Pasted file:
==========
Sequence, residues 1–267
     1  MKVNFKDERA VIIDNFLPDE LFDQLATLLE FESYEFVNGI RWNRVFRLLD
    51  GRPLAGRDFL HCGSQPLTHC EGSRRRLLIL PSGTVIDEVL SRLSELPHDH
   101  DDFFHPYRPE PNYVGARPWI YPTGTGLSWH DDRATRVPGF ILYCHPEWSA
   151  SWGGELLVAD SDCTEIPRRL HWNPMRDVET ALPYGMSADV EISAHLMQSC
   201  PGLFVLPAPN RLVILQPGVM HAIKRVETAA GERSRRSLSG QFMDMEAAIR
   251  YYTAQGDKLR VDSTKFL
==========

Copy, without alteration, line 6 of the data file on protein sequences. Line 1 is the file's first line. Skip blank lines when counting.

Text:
   201  PGLFVLPAPN RLVILQPGVM HAIKRVETAA GERSRRSLSG QFMDMEAAIR